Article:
With a road trip in the offing, I had been thinking of compiling a playlist, one that reflects the joys of the open road and the summery weather – despite the rather long odds against either of these occurring. Experience has taught me, however, that compilation begins as an enjoyable trawl through musical memories but turns soon enough into a chore – especially when you know that Spotify’s algorithms will do the job for you even while you sleep, and that other people’s playlists are available for plunder.
However, the decision not to bother with the playlist really was clinched when I read the following: a person might expect to live for 83 years, which may sound like a long time but, when expressed as 1,000 months, does not. By my reckoning, I may have only 120 months to go – and the last one slipped by alarmingly fast. With my time running out, I was grateful, therefore, that the results of my recent medical tests proved positive (the nurses told me there and then) but miffed that the consultant consumed a whole morning of my life (but only ten minutes of his) by calling me in, weeks afterwards, to read out the notes. He could have Skyped me.
Concern about my diminishing allocation of months is leading me to evaluate the returns from all sorts of time-usage. I had, for example, been reluctant to spend part of my allowance calling technical help-lines for assistance with pesky problems on my email accounts but, in the end, I was driven by despair to do so. My emails were bouncing back with explanations such as “DNS server not recognised” from people I have communicated with for years. Could it be that Wonderman readers now had to “opt in” to conform to the implementation of new data protection regulations? The help-lines were predictably painful: one kept me on hold so long that my battery expired and I had to start all over; another put me through to an expert so lacking in expertise that I was convinced it was his first day on a job he had obtained by false pretences. Success, of a kind, eventually came when a chap convinced me that I was just another unfortunate victim of the latest Windows update and that Microsoft is working to resolve the problem. By then, conscious of the ticking clock, I was ready to accept any explanation.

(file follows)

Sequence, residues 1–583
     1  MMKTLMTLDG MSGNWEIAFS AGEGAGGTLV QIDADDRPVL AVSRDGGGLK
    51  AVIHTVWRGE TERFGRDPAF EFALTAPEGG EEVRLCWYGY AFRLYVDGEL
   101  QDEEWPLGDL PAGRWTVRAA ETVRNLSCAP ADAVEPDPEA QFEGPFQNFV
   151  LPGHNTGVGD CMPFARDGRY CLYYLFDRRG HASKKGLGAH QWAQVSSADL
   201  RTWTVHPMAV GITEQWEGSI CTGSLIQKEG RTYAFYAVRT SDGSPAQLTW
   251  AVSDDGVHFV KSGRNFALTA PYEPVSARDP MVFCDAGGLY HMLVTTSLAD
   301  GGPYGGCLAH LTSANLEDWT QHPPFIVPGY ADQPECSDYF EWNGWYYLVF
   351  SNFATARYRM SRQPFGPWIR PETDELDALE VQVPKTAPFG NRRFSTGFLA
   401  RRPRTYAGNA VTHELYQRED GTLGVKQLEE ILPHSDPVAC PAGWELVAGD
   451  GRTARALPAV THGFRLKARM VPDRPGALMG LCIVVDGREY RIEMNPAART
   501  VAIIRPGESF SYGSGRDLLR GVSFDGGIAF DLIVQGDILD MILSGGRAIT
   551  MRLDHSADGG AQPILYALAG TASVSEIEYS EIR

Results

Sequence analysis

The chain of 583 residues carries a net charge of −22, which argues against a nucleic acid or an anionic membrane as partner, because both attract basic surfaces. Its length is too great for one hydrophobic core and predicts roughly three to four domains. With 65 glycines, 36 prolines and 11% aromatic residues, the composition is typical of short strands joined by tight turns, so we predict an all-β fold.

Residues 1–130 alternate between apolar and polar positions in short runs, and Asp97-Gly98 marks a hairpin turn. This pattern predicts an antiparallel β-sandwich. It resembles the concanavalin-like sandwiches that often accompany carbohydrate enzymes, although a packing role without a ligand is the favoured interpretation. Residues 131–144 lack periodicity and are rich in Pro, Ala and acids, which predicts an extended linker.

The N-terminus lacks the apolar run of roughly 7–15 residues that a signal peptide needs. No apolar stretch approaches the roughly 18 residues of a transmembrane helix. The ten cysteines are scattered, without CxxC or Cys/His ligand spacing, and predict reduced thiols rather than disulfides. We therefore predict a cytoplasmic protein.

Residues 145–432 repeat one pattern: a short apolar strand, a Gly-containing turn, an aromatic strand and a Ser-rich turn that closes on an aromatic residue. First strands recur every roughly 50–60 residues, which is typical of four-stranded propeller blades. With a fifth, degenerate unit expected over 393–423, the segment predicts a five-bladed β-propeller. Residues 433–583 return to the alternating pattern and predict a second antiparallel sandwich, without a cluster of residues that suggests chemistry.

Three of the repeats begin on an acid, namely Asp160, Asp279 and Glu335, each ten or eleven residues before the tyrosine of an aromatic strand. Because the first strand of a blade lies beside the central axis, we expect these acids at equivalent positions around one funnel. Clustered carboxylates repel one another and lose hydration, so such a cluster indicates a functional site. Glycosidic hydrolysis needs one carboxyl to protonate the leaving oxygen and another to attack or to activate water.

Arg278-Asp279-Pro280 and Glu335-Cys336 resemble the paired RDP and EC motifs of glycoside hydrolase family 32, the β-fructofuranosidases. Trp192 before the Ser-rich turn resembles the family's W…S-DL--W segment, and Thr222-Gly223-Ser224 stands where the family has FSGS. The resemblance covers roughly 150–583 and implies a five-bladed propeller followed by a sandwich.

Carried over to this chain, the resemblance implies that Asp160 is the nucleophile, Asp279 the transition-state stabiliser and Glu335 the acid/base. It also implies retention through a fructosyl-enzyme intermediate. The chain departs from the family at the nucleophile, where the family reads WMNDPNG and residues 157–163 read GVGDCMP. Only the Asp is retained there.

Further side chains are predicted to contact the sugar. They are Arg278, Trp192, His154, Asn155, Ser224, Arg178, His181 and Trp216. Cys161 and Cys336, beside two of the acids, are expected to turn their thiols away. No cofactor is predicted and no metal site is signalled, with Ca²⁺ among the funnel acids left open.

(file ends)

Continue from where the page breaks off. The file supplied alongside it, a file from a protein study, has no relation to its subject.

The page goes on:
The time spent was productive in part, however, since I learned a bit more of the International Phonetic Alphabet, an indispensable aid for speaking one’s postcode. The letter M, for example, is spoken as Mike, not Manchester. Apparently, international agreement on the phonetic alphabet was reached in 1956 and it was no small feat, considering the complications. C, for example, might be Country or Cycle – and that’s just in English. In fact, they chose Charlie, which must be confusing for Italians, with their Ciao and Cappuccino. H is represented by Hotel, despite the fact that many people regard it as silent in that context. If they were to revise the alphabet for present times, they could simplify things by taking into account the fact that technology has extended the global reach of English: C could be Computer, H could be Hardware, A could be Algorithm and so on.
I probably won’t be invited to the symposium for the review of the International Phonetic Alphabet, despite my sensible idea. I thought this as I made my way one sluggish morning to the gym, determined to use the time to physical advantage even if the brain was unproductive. I searched Spotify for a workout-friendly playlist and came across one titled “Kinda thing my dad plays when he’s working in the garage and stuff.” It must have been compiled by someone with months to spare I thought, resentfully.